BROOKE GLADSTONE: So where does Lamont stand in the political history of the Internet? You've called him the last of his kind.
CLAY SHIRKY: In part, Lamont is the last of his kind, but much more, this race is the last of its kind. And this may be one of the last elections we see where there is clearly a net-savvy candidate going head to head with a non-net-savvy incumbent. The operatives who think about national races pay attention to these bellwethers so clearly, and you know that Karl Rove and his staff are going through the results of the Lieberman-Lamont race, and they're picking out particular techniques that Lamont did that Lieberman failed to do, and they're going to be adapting them for the November of 2006 races.
BROOKE GLADSTONE: I was thinking that the most potent example of what you predict happened on election day when the Lieberman website went down and the Lieberman campaign immediately accused the net-roots of hacking their site. I guess the net-roots people had to come in and say, hey, it wasn't us. You ran out of gigabytes because you didn't pay for them.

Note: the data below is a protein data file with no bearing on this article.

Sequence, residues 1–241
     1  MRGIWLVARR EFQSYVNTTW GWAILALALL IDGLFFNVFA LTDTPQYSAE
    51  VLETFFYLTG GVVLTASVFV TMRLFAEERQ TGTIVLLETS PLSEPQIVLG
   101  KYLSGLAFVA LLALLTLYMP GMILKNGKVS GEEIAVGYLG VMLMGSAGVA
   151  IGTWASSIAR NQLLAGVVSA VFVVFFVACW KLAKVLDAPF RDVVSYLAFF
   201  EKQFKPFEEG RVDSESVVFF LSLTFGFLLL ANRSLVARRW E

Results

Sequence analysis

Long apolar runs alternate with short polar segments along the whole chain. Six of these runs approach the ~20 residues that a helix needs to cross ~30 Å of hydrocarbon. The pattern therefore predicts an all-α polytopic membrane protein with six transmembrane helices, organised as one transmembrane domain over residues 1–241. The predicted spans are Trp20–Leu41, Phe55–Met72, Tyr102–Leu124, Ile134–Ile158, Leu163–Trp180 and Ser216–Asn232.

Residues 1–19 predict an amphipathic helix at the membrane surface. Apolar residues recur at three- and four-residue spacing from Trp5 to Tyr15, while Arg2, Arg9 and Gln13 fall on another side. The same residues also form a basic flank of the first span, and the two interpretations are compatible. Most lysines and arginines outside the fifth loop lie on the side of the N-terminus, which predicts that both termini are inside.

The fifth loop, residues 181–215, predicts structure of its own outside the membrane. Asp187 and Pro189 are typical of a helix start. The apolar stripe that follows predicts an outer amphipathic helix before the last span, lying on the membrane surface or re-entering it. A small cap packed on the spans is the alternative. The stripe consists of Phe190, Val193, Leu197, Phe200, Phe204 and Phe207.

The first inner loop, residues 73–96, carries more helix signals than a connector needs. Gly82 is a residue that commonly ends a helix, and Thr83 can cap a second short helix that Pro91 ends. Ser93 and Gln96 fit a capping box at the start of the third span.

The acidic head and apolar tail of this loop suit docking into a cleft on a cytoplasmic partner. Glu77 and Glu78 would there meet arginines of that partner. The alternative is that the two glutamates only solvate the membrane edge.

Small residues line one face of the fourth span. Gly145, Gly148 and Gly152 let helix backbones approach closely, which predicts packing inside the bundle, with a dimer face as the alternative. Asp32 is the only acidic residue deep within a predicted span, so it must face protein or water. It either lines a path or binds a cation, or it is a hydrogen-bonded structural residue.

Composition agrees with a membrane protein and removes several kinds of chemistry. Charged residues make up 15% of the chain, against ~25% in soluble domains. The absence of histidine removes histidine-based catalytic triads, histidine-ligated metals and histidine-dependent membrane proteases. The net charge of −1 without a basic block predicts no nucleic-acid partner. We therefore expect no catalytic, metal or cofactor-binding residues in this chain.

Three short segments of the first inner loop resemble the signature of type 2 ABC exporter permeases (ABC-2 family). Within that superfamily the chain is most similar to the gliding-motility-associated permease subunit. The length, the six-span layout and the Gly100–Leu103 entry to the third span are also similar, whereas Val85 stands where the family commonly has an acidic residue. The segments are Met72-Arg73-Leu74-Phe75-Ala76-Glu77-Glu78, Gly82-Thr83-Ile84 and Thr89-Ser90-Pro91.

CLAY SHIRKY: [CHUCKLES] I think that's a perfect example. The fact that the Lieberman campaign has simply not paid for their domain name registration through election day is indicative of how unfamiliar they are with the basic operation of the Net. And that kind of thing is going away, simply because it's become too important for the campaign staff not to understand.
BROOKE GLADSTONE: All right. Thank you very much.
CLAY SHIRKY: Thanks very much for having me.
BROOKE GLADSTONE: Clay Shirky writes on the social and economic effects of the Internet and teaches a New York University's graduate interactive telecommunications program.